The snowboard cross team includes the oldest athlete on the entire U.S. Olympic team — 40-year-old Nick Baumgartner — and now-five-time Olympian Lindsey Jacobellis. Both previously qualified, as did Hagen Kearney and Faye Gulini. The new additions announced Friday: 2019 World champion Mick Dierdorff, 2014 Olympic bronze medalist Alex Deibold, Stacy Gaskill and Meghan Tierney.

The U.S. earned two spots in parallel giant slalom, both men, and filled them with Cody Winters and Robby Burns.

In slopestyle, defending gold medalists Jamie Anderson and Red Gerard previously qualified. As did returning Olympians Hailey Langland and Chris Corning and first-time Olympian Dusty Henricksen.

The final riders were Julia Marino, Courtney Rummel and Sean FitzSimons, who won a competition in Switzerland last week and beat out Brock Crouch for the last spot. That’s notable given Crouch survived life-altering injuries after being buried for several minutes in an avalanche four years ago.

In freestyle skiing, the last Olympic roster spots were also announced Friday:

Aerials: Eric Loughran, Ashley Caldwell, Kaila Kuhn
Halfpipe: Birk Irving, Devin Logan, Carly Margulies
Moguls: Kai Owens, Cole McDonald, Nick Page, Dylan Walczyk, Bradley Wilson
Ski Cross: Tyler Wallasch
Slopestyle/Big Air: Nick Goepper, Caroline Claire, Marin Hamill, Darian Stevens

Many Olympic medal contenders previously qualified, including two-time Olympic halfpipe champion David Wise.

A notable is Margulies, who last competed in an International Ski Federation event in December 2019 and was cleared to return to skiing last week, one month after surgery for a torn medial meniscus in her left knee. Margulies has had at least six knee surgeries, according to U.S. Ski and Snowboard.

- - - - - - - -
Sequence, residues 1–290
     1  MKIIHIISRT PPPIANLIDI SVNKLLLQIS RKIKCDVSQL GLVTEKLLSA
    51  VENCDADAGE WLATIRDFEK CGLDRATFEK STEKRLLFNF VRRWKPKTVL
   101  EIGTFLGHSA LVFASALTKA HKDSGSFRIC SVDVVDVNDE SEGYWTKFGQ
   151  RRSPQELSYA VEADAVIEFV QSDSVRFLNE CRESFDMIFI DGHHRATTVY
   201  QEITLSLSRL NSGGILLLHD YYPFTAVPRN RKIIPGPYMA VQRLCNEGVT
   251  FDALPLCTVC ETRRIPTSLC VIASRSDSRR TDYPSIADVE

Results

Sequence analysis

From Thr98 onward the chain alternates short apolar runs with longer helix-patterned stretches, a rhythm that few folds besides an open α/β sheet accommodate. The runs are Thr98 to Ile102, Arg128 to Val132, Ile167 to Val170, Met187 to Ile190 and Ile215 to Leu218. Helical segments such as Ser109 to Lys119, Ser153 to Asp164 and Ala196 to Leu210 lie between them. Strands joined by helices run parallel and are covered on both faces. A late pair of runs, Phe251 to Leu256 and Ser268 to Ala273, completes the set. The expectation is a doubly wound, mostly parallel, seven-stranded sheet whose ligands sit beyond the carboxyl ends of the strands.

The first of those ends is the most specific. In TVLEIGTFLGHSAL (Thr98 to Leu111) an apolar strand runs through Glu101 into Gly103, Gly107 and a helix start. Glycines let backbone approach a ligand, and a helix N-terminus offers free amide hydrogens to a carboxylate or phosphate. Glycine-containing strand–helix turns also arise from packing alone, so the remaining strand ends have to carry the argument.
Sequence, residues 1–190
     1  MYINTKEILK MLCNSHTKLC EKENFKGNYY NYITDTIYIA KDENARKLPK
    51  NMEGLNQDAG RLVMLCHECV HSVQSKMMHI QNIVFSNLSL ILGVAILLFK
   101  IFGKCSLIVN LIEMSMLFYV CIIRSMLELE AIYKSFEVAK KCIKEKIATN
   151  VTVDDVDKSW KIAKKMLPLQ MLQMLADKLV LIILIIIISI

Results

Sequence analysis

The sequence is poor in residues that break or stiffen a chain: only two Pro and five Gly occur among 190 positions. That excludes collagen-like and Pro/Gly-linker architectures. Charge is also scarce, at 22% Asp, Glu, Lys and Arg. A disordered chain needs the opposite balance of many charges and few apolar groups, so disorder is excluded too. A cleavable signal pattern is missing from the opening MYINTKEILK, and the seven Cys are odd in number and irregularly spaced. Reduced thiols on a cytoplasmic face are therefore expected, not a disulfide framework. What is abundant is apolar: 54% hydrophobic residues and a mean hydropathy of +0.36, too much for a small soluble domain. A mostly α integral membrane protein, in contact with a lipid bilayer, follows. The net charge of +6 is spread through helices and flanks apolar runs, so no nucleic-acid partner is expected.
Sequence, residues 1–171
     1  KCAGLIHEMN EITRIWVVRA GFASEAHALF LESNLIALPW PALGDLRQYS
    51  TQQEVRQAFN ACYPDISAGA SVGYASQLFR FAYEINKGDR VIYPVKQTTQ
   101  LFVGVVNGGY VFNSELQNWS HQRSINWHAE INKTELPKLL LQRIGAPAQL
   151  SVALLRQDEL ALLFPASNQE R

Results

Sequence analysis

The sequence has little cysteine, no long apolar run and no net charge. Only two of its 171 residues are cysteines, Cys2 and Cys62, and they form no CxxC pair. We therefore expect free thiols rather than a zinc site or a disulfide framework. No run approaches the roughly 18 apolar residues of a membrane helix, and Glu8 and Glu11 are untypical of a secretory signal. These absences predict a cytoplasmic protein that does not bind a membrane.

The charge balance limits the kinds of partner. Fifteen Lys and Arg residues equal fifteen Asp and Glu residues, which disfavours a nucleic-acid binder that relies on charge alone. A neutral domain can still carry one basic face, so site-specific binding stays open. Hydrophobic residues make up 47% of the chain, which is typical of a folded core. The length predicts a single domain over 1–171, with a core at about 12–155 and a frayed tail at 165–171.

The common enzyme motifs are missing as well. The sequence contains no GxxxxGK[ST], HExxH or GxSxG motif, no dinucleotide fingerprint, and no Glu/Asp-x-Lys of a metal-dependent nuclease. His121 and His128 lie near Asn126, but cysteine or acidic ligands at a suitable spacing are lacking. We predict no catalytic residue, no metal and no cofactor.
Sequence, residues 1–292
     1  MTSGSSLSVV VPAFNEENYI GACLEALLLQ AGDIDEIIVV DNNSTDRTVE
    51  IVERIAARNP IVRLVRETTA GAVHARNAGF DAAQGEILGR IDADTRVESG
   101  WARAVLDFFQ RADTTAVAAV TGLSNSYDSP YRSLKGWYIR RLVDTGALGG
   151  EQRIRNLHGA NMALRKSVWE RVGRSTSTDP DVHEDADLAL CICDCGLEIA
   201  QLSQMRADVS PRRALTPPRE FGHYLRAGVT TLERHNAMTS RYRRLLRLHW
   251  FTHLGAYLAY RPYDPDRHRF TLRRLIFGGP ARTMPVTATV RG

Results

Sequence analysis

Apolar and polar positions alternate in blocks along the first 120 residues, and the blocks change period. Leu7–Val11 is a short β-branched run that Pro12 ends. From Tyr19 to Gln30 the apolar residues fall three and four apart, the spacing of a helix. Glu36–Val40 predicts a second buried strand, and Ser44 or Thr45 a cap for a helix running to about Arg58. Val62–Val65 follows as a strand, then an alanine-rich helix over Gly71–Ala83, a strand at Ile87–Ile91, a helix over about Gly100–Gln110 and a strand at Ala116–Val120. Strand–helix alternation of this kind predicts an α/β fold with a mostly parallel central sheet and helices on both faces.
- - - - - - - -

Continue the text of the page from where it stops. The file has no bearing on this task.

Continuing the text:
“I was told by doctors that the tear was so significant that surgery was a non negotiable and i was looking at a 6 to 9 month recovery,” was posted on her social media last month. “i was basically told my olympic dreams were crushed and in that moment i decided i could never go through something like this again therefore my competitive career was over.

“Fast forward to a few days later, i received good news that there was a chance this meniscus would not be repairable resulting in a snip of the damaged area and only a 4 to 6 week recovery!”

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Eva Samková, Olympic snowboarding champion, to miss Beijing Winter Games

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Czech Eva Samková, the 2014 Olympic snowboard cross champion, will miss the Beijing Games due to an ankle injury that has kept her out of competition since early December.

Samková, last season’s World Cup leader, needed surgery on the ankle and, after six weeks of rehab, announced she will not be able to return in time for the Olympics, according to the Czech ski and snowboard federation.

Samková, 28, vowed that she will eventually return to competition once healed.

Samková followed junior world titles in 2010, 2011 and 2013 with gold in her Olympic debut in Sochi, posting the fastest time in the seeding round and then sweeping quarterfinal, semifinal and final races.

She took bronze in 2018, when Italian Michela Moioli won.

In 2021, Samková won four of her eight World Cup starts before being sidelined by the injury.

The Olympic favorites are Great Britain’s Charlotte Bankes, the reigning world champion and current World Cup standings leader, and Moioli.

American Lindsey Jacobellis, going to her fifth Olympics, finished third in the two most recent World Cups won by Bankes.